Saturday, 11 February 2012

Wiener Staatsoper makes Faustian bargain with Schlamperei

Wiener Staatsoper, 10/02/2012
Gounod: Faust

Jonas Kaufmann | Faust

Inva Mula | Marguerite
Albert Dohmen | Méphistophélès
Adrian Eröd | Valentin
Juliette Mars | Siébel
Monika Bohinec | Marthe

Alain Altinoglu | Conductor
Nicolas Joel / Stéphane Roche | Director

The Wiener Staatsoper opened a new €8 million rehearsal stage last month, though most of the gossip I've picked up about this so far has only taught me three new German proverbs which, loosely translated, all involve leopards and spots. The space got christened with Botha’s Andrea Chénier, but my source was coy about this Faust and perhaps I should have enquired more closely, though as with laws and sausages it's often preferable to be ignorant about Staatsoper revivals. So aside from perverse instituational unpredictability I’m at a loss as how to account for this performance, which came to substantially more than the sum of its parts and left main attraction Jonas Kaufmann struggling to assert himself.

Zerbinetta of Likely Impossibilities has already described this dire production in some detail, and I don’t have anything to add (except to take credit for the nudging, though, unsurprisingly, without Erwin Schrott those subtitles don’t seem at all inappropriate). But while the staging had seemed beyond rescue, the revival team here has taken a more interventionist hand than usual: the blocking looked a lot less random, things like the ‘what do I want with this?’ tossing around of the ukulele actually seemed connected to (sub)text and music, and gone was the dreaded Velcro. So some effort had been made and credit is deserved, however daft a symbolic ukulele remains in principle. After the Schrott silliness it seems to have been acknowledged that less is more with the red fan, which still remote buckles Valentin to death rather clunkingly but otherwise didn’t draw so much attention, even if it was somewhat weird for Albert Dohmen to make it look such a credible male accessory. And mercifully, Dohmen’s Méphistophélès remained fully clothed. As details go these things may not sound so significant, but cumulatively they made for a much more watchable evening than I remember.

There were some subtle gradations of colour and moments of unexpected smoothness, but Jonas Kaufmann otherwise remained in heroic mode all evening. And not always effortlessly: he almost came to grief on his top C and struggled to cut through the orchestra half the time. With the covered middle and otherwise ringing top notes (including an terrific hairpin on the B) it was hard to focus on what at times sounded like vocal parapet-bobbing. It was the last thing I expected in this performance, but in his Marguerite scenes he was outsung time after time by Inva Mula and her immaculate top notes. In every respect this part seems to fit her like a glove: her middle was very pure-sounding and fresh, prompting some breathless Freni comparisons from the Stehplatz veterans, and she unpacked a fast and well-controlled vibrato for the Jewel Song, with runs that slid smoothly to her resonant top with plenty of pitch. There were lots of good chest notes too. She cut a modest figure with restrained acting, for which I was grateful as one prone to retch at the insufferably fake fabulousness of the Jewel Song. The prison scene was also toned down to the point of reticence, though Mula’s quiet wretchedness here was certainly poignant. But with Kaufmann also making few demonstrative gestures (no cartwheel from him) they made chaste and rather boring lovers.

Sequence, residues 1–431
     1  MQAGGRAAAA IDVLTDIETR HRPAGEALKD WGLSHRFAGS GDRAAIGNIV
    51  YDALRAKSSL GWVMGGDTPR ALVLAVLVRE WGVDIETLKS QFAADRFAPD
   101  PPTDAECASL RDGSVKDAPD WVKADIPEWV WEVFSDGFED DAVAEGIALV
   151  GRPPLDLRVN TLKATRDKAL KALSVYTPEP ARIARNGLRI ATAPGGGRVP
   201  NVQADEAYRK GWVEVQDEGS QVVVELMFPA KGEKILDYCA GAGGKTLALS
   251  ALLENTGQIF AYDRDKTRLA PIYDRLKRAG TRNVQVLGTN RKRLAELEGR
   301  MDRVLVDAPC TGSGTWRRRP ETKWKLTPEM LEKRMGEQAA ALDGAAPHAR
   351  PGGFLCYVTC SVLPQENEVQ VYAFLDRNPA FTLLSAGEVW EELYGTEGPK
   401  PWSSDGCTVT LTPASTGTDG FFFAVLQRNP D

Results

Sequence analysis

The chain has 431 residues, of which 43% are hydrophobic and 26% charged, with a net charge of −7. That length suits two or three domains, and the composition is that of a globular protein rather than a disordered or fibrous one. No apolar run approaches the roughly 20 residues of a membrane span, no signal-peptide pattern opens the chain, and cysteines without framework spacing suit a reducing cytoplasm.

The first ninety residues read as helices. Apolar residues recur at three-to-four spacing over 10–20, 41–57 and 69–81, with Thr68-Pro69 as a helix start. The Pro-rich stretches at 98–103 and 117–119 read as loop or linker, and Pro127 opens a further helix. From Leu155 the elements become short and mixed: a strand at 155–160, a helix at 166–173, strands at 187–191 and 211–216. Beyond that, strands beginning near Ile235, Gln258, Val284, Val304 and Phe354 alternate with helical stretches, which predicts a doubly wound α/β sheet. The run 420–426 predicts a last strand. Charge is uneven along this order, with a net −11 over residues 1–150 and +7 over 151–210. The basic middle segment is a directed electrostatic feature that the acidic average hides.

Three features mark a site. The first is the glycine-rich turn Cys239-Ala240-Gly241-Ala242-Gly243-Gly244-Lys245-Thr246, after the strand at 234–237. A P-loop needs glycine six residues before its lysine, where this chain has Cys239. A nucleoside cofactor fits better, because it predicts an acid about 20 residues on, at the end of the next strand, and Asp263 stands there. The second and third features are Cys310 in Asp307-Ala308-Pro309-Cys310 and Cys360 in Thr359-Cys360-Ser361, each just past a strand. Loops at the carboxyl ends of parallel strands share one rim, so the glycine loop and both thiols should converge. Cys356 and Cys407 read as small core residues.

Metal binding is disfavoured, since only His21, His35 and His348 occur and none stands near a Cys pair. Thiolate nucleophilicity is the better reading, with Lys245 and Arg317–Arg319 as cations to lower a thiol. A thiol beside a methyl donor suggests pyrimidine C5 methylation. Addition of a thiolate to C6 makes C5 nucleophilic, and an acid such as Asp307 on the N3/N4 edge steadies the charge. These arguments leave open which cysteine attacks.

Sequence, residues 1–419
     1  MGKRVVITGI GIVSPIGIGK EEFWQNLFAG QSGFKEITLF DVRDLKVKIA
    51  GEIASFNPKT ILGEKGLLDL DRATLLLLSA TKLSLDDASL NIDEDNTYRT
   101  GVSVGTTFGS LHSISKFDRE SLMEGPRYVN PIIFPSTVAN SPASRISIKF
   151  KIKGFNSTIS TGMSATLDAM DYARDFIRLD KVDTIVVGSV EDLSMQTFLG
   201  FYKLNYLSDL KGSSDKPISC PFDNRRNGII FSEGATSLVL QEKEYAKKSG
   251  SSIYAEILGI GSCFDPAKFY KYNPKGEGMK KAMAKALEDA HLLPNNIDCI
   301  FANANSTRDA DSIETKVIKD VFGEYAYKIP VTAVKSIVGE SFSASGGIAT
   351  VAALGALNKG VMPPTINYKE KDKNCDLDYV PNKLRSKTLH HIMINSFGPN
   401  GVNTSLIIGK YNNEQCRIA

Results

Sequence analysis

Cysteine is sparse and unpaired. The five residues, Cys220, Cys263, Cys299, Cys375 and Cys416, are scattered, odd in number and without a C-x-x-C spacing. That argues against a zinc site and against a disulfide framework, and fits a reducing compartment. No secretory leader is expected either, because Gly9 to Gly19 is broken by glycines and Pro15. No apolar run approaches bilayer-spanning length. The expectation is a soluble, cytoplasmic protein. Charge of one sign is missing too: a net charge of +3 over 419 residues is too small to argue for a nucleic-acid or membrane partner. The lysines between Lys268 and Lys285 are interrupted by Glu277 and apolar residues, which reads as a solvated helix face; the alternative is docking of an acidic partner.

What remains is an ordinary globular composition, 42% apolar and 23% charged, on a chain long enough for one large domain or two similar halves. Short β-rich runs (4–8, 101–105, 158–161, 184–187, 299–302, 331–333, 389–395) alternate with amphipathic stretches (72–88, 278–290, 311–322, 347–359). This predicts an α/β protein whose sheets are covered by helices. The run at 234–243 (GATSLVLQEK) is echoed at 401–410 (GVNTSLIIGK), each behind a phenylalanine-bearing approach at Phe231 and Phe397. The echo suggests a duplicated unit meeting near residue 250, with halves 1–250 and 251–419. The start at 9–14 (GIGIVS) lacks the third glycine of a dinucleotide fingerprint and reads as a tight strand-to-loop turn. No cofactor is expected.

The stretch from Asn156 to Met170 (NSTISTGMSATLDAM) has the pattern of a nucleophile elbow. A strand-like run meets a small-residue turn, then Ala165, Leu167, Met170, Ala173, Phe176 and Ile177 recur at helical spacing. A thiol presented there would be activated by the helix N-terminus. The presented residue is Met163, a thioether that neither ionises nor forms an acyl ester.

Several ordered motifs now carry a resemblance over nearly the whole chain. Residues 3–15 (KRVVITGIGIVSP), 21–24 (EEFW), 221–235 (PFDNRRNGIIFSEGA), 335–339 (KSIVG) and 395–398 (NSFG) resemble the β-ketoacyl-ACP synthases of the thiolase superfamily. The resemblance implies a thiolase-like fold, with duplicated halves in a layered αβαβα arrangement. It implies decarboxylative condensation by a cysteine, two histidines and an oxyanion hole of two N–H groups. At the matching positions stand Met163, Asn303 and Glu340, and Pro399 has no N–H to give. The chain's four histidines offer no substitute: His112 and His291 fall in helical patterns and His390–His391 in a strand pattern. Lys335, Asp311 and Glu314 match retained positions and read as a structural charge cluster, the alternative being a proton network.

Albert Dohmen’s Méphistophélès was rather on the dour side, though the stiff bearing paid off in all the moments which Schrott had overacted and the sternly commanding look he gave to the wandering hands of Monika Bohinec’s Marthe had that precious quality of being genuinely unstagey. Vocally he was on excellent form, sounding much less frayed than usual and indeed producing consistently rich and resonant tone – if only his Wotan had been more like this. Adrian Eröd’s considerable musicianship and good breath control normally compensate more than adequately for a lack of colour, and though that was the case here I thought he did better last year. Juliette Mars, sounding like Sophie Koch on steroids, let her phrases run away with her a little but wasn’t at all bad.

I’ve long wondered what the fuss was about Alain Altinoglu, who has a talent for making Verdi sound light and bouncy but has never struck me as having particularly strong ideas. And with actual orchestral rehearsals and a half-Phil pit I expect more (under the Meyer administration French conductors seem to get special treatment). Altinoglu certainly delivered this time, getting impressive playing from the orchestra and sonority of rare depth and complexity. That glowing, rich, dangerously spiritual Bruckner sound – pure Celi, of course – isn’t something they offer up often, even for the likes of Thielemann, though it seemed wasted on Gounod’s dully solemn writing. Much of this score sounds weakly improvised from the harmonium, but when he could work with the material Altinoglu made something more substantial (read: Berliozian) of it. The chorus also shone, with well-blended brilliance, startlingly good top notes and clean and sudden dramatic diminuendos.

Image credit: Wiener Staatsoper / Michael Pöhn

1 comment:

  1. i dont know which day you saw this performance, but on the 7 th february, all the audience was clapping for minutes at the end of the evening. and the biggest succes had Kaufmann and after him Erodd with the audience if i judge according to their applause. If you were there on that day, then you were one of the few who didnt like his singing. bad luck.